By Leon A Smith
May 24, 2012
There are many words and phrases which suffer from serious overuse in our day to day lives – both orally and in writing. My own particular favourite is “at the end of the day”. I always find interviews with David Beckham of particular interest – as he has a number of views which involve things happening “at the end of the day”. Don’t get me wrong I am a true admirer of David Beckham both as a footballer and as a person but at the end of the day repetition of phraseology can be a little boring.
Language is fascinating and we are all recipients of the written and spoken word in vast quantities – all day, every day. 24-hour news/television – newspapers – junk mail – cold calling phone calls – politicians and of course the Internet. There’s more information on the internet than any of us could read in a lifetime. I am not sure how many billions of internet pages there are, but there are rather a lot!
My point here is regarding communication overload. I am often told in my own organisation that we need to have more communication – and I do everything I possibly can to try and meet that demand – but it seems that in society generally and in a micro way in my own life, that regardless of how much communication there is, it’s never enough!
I’m not clear what the expectancy is of “more communication” – because if we have much more we would simply spend our whole lives listening to people talking and reading what they have written.
They key in my view, in running an organisation, is to try and analyse who needs to know what. In other words communication should be targeted. I was asked this week to ensure that I and others when replying to emails did not automatically hit “reply to all” and just to take one second to note whether in fact “reply” would suffice – in many cases it would. And this practice of course would help by decreasing email overload.
The Jewish community has the benefit of an excellent newspaper – on whose web pages I am appearing here. And of course there are other Jewish publications – some of which are specifically aimed at niche markets. One area, however, where I believe there is a short coming in terms of Jewish media is a radio station. We are officially a Jewish population in London of 200,000 people approx – in reality it’s probably much more. Surely we are a large enough community/population to justify having our own radio station?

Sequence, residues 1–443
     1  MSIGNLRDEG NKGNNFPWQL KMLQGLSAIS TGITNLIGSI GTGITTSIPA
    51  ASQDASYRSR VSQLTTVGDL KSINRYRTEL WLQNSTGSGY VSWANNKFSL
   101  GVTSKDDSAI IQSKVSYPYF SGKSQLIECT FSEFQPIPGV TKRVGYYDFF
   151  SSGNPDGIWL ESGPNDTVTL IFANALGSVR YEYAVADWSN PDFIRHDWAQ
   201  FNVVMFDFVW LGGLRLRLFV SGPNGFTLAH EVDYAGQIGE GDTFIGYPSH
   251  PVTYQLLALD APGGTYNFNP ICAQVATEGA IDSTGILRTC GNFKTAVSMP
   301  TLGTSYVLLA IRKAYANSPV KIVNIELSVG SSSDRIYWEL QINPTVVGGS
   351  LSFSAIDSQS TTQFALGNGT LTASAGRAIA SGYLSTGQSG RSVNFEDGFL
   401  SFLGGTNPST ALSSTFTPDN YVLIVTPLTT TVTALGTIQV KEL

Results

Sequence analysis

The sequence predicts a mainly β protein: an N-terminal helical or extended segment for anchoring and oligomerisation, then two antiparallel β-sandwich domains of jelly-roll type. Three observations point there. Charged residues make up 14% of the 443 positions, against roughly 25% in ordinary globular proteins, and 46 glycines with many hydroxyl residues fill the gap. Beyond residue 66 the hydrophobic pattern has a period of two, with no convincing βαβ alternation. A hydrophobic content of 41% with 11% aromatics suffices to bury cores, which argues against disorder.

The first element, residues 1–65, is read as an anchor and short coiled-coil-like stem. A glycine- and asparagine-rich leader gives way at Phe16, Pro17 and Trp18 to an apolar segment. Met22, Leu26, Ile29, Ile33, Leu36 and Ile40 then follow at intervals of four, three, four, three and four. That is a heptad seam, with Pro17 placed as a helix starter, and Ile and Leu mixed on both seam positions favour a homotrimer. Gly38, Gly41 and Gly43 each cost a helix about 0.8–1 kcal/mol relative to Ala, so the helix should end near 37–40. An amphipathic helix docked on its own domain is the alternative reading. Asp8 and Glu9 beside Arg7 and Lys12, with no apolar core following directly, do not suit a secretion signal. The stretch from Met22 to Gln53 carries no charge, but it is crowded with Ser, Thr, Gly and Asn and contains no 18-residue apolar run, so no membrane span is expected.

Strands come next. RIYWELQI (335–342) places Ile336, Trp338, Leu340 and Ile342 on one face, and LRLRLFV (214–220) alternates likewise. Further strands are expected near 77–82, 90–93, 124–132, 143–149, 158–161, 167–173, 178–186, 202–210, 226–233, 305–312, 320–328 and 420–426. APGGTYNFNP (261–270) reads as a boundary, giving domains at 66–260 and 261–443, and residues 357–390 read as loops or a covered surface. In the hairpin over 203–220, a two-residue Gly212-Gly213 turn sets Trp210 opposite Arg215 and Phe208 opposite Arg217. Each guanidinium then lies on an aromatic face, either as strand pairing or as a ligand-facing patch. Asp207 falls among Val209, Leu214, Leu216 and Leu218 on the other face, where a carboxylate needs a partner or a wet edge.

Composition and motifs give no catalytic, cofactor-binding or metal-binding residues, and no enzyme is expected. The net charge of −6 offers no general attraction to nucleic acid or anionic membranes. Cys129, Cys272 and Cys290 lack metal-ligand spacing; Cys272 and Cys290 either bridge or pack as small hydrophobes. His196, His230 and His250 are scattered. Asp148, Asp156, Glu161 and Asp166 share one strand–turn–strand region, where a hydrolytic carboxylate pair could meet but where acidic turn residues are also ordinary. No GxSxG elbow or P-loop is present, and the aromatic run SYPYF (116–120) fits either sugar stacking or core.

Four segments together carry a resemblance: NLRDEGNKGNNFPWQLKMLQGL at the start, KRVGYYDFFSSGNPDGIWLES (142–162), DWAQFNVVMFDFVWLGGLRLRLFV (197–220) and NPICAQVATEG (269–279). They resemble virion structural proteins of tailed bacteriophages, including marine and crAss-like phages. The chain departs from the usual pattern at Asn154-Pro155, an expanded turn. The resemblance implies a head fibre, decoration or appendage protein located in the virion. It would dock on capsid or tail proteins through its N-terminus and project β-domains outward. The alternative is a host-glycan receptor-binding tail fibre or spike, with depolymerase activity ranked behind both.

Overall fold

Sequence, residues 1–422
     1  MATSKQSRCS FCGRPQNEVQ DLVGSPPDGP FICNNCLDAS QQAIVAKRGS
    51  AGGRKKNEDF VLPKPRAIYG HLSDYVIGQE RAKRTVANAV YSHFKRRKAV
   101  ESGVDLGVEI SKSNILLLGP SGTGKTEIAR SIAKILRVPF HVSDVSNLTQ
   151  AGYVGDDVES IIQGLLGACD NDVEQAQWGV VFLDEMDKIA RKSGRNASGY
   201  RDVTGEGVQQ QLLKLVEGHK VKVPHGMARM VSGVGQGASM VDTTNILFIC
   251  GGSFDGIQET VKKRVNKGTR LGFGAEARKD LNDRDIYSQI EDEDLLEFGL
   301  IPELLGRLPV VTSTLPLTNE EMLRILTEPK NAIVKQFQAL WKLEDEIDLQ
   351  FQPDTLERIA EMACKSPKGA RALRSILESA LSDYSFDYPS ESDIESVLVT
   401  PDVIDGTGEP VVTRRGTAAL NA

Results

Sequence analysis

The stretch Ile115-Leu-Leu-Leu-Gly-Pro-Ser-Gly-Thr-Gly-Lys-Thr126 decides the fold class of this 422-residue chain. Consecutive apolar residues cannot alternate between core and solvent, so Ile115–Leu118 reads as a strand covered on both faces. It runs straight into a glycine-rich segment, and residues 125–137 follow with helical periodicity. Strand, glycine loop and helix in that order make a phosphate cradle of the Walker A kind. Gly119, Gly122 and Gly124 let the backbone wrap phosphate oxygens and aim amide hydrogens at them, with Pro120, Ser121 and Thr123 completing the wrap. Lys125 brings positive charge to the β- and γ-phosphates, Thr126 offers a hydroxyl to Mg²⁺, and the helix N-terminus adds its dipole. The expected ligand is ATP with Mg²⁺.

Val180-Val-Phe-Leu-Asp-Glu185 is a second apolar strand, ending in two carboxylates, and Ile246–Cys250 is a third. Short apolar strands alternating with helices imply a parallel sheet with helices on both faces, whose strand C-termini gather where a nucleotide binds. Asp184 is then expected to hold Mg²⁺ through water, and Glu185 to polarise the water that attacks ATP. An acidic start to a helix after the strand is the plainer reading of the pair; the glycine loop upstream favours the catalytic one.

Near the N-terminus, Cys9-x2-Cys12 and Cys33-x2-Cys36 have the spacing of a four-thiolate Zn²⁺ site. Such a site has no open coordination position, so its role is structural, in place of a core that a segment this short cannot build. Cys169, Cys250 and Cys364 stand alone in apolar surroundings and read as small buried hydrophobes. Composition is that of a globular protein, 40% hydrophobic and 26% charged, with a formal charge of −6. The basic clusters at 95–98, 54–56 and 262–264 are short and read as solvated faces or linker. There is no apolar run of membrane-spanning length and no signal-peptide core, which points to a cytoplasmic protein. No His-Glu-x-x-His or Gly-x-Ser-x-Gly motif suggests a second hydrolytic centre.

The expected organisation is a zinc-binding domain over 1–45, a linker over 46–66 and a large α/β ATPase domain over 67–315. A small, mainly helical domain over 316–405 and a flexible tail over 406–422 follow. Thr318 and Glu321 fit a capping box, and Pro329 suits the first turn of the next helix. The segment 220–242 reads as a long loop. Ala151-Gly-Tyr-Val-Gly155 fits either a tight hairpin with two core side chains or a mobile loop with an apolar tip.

A number of people over the years have attempted to do this – some with more success than others. There is not across London a specifically Jewish radio station. There is in Paris. There is in New York and most American cities – but not in London. Why is it that this great city with such a diverse population is able to provide stations for the Asian, Greek and French communities – but not the Jewish community. Could somebody please tell me what the problem is? Why such ventures in the past have never got off the ground? I’d be really interested to know.
I am aware of course that the odd radio station does have a “Jewish hour” – a temporary licence covering a very small radius in North West London – but at the risk of going off on a fairly dramatic tangent I would remind my readers that there are actually Jewish people living all over London – and not just in the North Western Frontier of this great metropolitan city we live in!
Talk of a Jewish TV station should perhaps be left for another time.